Tsome dynamics in Tn transposition. The top line shows the initial Tsome with an IHF-folded arm (α-arm) transitioning to a single end break complex (αSEB) in which flanking donor DNA has been cleaved from one end and the α-arm remains folded, to an unfolded single end break complex (uf-SEB), and then to an unfolded double end break complex (uf-DEB) where flanking donor DNA has been cleaved from both transposon ends. At the branch point the uf-DEB can either capture a target DNA (TCC, target-capture complex) that is not part of the transposon and catalyze an intermolecular strand-transfer event (STC, strand-transfer complex) or the uf-DEB can rebind IHF to refold a transposon arm and undergo an intramolecular target-capture and strand-transfer event in which part of the transposon serves as the target DNA. The lower line shows the impact of H-NS on Tsome dynamics. An H-NS dimer is shown binding to the flanking DNA of the β-arm of the SEB that contains a distorted DNA structure (squiggly line in top panel). H-NS then facilitates the displacement of IHF (through an unknown mechanism) permitting the α-arm to unfold and subsequently additional H-NS dimers are recruited to the unfolded Tsome. H-NS binding within the transposon sequences is proposed to help maintain the Tsome in an unfolded form to both stabilize the fully cleaved unfolded Tsome and promote intermolecular target capture. Note that H-NS might first interact with the initial Tsome (denoted bPEC for historical reasons) instead of the α-SEB as shown. Transposon end sequences, arrows attached to black lines; flanking donor DNA, grey lines; target DNA, dashed lines; transposase, ovals. For clarity the two transposon ends are not joined (indicated by double dashes). doi:10.1128/microbiolspec.MDNA3-0002-2014.f2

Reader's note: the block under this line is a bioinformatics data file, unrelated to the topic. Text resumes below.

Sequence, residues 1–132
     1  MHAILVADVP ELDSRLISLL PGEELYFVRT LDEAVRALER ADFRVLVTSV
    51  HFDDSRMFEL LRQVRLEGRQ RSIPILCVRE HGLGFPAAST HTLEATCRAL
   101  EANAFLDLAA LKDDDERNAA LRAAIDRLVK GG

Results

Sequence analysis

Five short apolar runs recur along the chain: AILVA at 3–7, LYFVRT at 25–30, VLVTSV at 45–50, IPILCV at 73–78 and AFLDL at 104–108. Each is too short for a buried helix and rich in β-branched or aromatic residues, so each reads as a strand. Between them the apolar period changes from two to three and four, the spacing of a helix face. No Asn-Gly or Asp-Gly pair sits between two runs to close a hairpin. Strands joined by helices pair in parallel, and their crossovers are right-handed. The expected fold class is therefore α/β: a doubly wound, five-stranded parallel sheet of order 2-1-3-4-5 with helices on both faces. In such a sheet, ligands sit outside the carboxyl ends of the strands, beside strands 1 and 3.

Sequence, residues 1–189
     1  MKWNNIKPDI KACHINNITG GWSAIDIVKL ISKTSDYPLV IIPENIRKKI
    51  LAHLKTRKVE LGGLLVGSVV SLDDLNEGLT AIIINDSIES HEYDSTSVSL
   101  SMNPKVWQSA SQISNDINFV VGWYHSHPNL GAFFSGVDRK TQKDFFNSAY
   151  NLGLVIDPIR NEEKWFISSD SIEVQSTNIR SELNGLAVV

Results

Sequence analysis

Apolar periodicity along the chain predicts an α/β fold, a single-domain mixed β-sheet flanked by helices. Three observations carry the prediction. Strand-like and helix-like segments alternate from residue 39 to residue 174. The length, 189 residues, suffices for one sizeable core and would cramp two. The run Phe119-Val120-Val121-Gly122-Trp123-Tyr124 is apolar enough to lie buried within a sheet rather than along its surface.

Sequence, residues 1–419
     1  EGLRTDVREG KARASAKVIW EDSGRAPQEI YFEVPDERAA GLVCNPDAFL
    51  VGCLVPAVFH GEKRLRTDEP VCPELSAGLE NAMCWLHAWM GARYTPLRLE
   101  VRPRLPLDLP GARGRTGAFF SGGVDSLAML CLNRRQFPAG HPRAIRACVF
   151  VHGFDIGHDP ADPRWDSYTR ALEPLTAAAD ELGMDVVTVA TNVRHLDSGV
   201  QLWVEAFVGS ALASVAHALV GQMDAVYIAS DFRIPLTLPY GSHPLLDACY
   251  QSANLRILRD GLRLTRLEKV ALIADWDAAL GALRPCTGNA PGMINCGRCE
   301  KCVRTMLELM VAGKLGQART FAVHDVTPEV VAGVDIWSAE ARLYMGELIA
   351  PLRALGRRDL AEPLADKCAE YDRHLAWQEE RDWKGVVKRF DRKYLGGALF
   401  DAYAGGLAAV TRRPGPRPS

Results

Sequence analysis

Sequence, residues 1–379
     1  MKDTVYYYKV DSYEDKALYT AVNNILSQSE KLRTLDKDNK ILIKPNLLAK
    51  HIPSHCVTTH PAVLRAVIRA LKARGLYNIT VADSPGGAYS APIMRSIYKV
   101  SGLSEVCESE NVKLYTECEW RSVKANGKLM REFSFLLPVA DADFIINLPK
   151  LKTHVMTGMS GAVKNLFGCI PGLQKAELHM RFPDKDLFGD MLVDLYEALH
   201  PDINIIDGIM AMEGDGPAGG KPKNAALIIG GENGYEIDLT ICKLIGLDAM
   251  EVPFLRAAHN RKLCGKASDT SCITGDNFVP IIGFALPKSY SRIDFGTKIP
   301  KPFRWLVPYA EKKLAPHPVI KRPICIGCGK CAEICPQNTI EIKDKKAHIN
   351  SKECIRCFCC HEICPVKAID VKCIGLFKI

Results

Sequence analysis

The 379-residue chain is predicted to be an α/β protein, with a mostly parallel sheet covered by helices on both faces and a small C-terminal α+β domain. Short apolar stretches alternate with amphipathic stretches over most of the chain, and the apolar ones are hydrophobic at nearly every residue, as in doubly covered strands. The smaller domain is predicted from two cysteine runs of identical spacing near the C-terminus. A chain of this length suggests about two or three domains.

Source: microbiolspec January 2015 vol. 3 no. 1 doi:10.1128/microbiolspec.MDNA3-0002-2014
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FIGURE 3